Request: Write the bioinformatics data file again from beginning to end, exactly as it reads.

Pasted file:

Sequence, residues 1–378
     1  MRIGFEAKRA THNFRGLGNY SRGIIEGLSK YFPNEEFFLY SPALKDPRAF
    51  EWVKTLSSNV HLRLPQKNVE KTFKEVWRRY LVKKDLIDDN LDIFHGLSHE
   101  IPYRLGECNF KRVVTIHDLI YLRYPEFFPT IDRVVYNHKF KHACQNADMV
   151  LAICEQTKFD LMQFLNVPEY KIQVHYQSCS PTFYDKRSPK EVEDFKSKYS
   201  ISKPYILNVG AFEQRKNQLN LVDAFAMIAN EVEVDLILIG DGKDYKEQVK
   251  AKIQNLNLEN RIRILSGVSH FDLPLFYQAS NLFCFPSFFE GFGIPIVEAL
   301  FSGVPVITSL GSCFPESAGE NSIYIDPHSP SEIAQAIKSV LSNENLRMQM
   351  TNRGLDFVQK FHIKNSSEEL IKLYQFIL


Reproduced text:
Sequence, residues 1–378
     1  MRIGFEAKRA THNFRGLGNY SRGIIEGLSK YFPNEEFFLY SPALKDPRAF
    51  EWVKTLSSNV HLRLPQKNVE KTFKEVWRRY LVKKDLIDDN LDIFHGLSHE
   101  IPYRLGECNF KRVVTIHDLI YLRYPEFFPT IDRVVYNHKF KHACQNADMV
   151  LAICEQTKFD LMQFLNVPEY KIQVHYQSCS PTFYDKRSPK EVEDFKSKYS
   201  ISKPYILNVG AFEQRKNQLN LVDAFAMIAN EVEVDLILIG DGKDYKEQVK
   251  AKIQNLNLEN RIRILSGVSH FDLPLFYQAS NLFCFPSFFE GFGIPIVEAL
   301  FSGVPVITSL GSCFPESAGE NSIYIDPHSP SEIAQAIKSV LSNENLRMQM
   351  TNRGLDFVQK FHIKNSSEEL IKLYQFIL